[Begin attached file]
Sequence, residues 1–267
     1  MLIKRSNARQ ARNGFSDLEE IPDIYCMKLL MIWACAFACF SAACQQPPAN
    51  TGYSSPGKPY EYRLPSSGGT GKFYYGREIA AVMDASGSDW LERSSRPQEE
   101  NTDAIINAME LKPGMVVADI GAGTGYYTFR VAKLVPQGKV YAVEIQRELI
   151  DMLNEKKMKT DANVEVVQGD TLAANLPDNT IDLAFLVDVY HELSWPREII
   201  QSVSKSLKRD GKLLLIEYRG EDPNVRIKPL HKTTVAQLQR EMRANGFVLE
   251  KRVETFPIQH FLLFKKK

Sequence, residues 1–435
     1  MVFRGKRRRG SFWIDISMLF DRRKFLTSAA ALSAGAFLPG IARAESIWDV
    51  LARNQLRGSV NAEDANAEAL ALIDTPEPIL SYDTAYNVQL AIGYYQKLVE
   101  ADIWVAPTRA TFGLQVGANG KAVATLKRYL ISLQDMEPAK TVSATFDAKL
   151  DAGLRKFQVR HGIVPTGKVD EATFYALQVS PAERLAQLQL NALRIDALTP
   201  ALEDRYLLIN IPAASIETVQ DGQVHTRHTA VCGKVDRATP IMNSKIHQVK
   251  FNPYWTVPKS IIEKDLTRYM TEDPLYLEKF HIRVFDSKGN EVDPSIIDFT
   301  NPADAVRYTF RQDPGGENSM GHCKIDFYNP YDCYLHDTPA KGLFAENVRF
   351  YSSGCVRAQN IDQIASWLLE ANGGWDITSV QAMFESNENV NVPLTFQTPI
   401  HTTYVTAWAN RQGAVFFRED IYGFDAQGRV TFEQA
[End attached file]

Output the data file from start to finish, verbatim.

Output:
Sequence, residues 1–267
     1  MLIKRSNARQ ARNGFSDLEE IPDIYCMKLL MIWACAFACF SAACQQPPAN
    51  TGYSSPGKPY EYRLPSSGGT GKFYYGREIA AVMDASGSDW LERSSRPQEE
   101  NTDAIINAME LKPGMVVADI GAGTGYYTFR VAKLVPQGKV YAVEIQRELI
   151  DMLNEKKMKT DANVEVVQGD TLAANLPDNT IDLAFLVDVY HELSWPREII
   201  QSVSKSLKRD GKLLLIEYRG EDPNVRIKPL HKTTVAQLQR EMRANGFVLE
   251  KRVETFPIQH FLLFKKK

Sequence, residues 1–435
     1  MVFRGKRRRG SFWIDISMLF DRRKFLTSAA ALSAGAFLPG IARAESIWDV
    51  LARNQLRGSV NAEDANAEAL ALIDTPEPIL SYDTAYNVQL AIGYYQKLVE
   101  ADIWVAPTRA TFGLQVGANG KAVATLKRYL ISLQDMEPAK TVSATFDAKL
   151  DAGLRKFQVR HGIVPTGKVD EATFYALQVS PAERLAQLQL NALRIDALTP
   201  ALEDRYLLIN IPAASIETVQ DGQVHTRHTA VCGKVDRATP IMNSKIHQVK
   251  FNPYWTVPKS IIEKDLTRYM TEDPLYLEKF HIRVFDSKGN EVDPSIIDFT
   301  NPADAVRYTF RQDPGGENSM GHCKIDFYNP YDCYLHDTPA KGLFAENVRF
   351  YSSGCVRAQN IDQIASWLLE ANGGWDITSV QAMFESNENV NVPLTFQTPI
   401  HTTYVTAWAN RQGAVFFRED IYGFDAQGRV TFEQA